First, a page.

time delayed output switch

Discussion in 'Homework Help' started by ionace7, Oct 27, 2009.

  1. ionace7

    Thread Starter New Member

    Oct 27, 2009
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    Hi, I am making a traffic light project. Actually i already made the circuit for the traffic like but now i need to add a yellow (orange) light that goes on for x secs when the lights switch. so basically im looking to figure out how to switch the output from light to the other after however many seconds. I am using Multisim 10.1.
     
  2. ionace7

    Thread Starter New Member

    Oct 27, 2009
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    So, nobody can help me with this?
     
  3. beenthere

    Retired Moderator

    Apr 20, 2004
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    From the conditions of this forum:

    Important

    The Homework Help Forum is not a free homework service; we are here to help your understanding, but fully expect the users of this forum to dictate the course of their own learning.

    When posting a request for homework/coursework/assignment help, you must provide details of your attempts at the questions. Any thread that just posts up a copy of the questions without any attempts on the part of the opening poster will be directed to this thread and will be given 48 hours to satisfy the requirements detailed within. Help us, help you.


    What ideas do you have?
     
  4. ionace7

    Thread Starter New Member

    Oct 27, 2009
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    Sorry. Well my problem begins with the fact that my 'professor' (term used loosely here) doesn't actually teach and since this is his first ever class he doesn't really know what he is doing, but enough complaining. SO, my knowledge is limited at best.

    Now this is the circuit I have from a previous project that we now have to add a yellow light to for x amount of time (dependent to us, it doesn't really matter).
    http://img.photobucket.com/albums/v457/ionace/p2pic.jpg

    I have tried using 555 timers, Johnson counters, timed relays but I have been unsuccessful in all my attempts, either within that circuit or just trying to make a seperate circuit that does something similar (without all the inputs and such).
     
  5. ionace7

    Thread Starter New Member

    Oct 27, 2009
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    Well I tried using Timed NOTC's and NCTO's to some success only to realize that these do not reset themselves after being used once. So what I would be looking for is something just like them but that resets after it does its thing (after signal goes low of course). Any one know any components that do this?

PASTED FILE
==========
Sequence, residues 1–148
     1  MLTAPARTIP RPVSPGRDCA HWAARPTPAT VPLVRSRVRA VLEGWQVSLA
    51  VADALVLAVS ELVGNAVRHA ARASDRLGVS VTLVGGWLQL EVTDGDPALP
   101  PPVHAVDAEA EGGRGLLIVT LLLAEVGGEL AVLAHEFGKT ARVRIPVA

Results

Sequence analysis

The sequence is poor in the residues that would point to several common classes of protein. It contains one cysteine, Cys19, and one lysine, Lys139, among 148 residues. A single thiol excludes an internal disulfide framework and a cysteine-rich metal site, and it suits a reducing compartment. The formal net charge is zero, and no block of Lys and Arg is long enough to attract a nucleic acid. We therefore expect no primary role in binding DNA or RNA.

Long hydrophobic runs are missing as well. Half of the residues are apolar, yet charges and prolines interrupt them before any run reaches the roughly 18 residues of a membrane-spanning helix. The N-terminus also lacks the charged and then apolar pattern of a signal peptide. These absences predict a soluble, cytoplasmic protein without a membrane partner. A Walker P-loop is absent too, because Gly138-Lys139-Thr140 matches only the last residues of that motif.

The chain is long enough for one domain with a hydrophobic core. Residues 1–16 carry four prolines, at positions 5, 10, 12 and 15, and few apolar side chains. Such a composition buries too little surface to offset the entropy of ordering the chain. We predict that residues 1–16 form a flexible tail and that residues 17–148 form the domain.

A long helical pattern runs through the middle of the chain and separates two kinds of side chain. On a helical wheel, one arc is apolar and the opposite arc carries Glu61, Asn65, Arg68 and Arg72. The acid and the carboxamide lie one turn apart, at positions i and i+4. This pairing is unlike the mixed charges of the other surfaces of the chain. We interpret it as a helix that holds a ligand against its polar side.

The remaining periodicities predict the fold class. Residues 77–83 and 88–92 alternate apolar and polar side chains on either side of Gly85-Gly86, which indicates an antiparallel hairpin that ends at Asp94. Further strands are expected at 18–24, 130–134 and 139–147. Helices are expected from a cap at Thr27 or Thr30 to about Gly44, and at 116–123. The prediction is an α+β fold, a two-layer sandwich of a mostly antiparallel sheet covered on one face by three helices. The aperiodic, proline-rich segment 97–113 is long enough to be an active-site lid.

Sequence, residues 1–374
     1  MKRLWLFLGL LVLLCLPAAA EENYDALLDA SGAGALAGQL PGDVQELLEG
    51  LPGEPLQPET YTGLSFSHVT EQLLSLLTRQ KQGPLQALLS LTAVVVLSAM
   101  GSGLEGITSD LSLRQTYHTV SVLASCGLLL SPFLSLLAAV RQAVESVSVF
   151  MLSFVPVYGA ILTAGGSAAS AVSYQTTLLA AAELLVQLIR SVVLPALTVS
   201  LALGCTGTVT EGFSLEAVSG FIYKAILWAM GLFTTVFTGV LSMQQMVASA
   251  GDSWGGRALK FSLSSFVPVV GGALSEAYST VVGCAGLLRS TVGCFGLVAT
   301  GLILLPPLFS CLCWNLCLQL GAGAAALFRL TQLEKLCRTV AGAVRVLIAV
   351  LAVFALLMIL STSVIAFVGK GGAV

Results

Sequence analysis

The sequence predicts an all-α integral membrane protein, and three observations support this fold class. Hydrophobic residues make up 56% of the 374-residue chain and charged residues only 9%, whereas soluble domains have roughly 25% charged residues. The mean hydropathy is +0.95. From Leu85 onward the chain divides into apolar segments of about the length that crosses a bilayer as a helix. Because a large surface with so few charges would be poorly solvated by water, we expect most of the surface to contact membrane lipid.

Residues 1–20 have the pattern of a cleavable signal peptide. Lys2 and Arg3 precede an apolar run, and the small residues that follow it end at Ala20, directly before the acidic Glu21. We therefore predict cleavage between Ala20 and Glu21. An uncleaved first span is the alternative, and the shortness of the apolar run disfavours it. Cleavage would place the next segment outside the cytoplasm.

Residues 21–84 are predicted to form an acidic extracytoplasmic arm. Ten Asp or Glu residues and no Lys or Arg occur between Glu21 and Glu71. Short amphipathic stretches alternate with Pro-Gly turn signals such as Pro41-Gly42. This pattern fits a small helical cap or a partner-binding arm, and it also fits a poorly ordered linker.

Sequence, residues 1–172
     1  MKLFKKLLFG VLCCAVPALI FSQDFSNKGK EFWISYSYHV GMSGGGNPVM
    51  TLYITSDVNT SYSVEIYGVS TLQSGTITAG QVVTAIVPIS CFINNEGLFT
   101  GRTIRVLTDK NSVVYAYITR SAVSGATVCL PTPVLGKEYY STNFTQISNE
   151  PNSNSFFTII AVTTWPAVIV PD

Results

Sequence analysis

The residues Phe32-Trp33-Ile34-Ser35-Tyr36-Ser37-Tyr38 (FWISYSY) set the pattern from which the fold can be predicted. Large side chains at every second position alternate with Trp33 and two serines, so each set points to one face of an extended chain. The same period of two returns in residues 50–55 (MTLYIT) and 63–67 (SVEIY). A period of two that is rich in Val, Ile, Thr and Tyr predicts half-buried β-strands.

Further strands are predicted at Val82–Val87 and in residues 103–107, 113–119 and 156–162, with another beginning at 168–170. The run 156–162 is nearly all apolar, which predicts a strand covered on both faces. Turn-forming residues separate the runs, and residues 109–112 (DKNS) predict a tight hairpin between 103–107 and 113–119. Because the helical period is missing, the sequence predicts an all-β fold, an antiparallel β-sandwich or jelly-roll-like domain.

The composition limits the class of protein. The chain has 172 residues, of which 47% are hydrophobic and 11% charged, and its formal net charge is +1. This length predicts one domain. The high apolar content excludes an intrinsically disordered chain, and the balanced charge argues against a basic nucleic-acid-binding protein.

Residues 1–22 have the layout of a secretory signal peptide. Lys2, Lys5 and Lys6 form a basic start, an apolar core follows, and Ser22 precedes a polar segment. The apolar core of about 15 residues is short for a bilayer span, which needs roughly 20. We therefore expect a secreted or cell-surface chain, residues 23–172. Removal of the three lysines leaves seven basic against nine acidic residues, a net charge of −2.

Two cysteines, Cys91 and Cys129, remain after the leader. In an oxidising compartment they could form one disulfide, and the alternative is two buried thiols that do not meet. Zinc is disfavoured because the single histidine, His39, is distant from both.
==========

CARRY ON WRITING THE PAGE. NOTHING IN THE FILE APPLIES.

6. MaxSmoke

    Active Member

    Oct 29, 2009
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    First you need to think about a trigger for the delay circuit, this trigger signal needs to come from your existing logic. Your circuit has two outputs, one from U1C and the other from U3C. As the outputs are logically opposite, you can use each one to trigger your delay circuit. First you need to add some memory that, if the output is at a logic one, it is held until reset, so use each output to clock a flip-flop, that is set when the any one output from your circuit changes to a logic one.

    By using the Q output of each flip-flop you can control a counters reset input, by ORing the Q signals together. Now arrange your counter to reset both flip-flops when say, the last stage is set. This in turn will reset the counter. Remember the counter will need a clock input that is running all the time. The LED can be driven by your counter reset signal, from the flip-flops.

    I could draw you a circuit, but I think you need to do this. I would use the 74LS74, D flip-flop with the D input wired to VCC (+5V).

    By the way, hope you do not think I am being picky, but I see your circuit uses 7400 series logic, so if this was a real LS TTL circuit, rather than a simulation. You would find that the LEDs were quite dull, this is because LS TTL is not good at sourcing current, but good at sinking current. Also, the LEDs, should have current limit resistors, in between LED and supply, say 330R for standard LEDs.
     
  7. ionace7

    Thread Starter New Member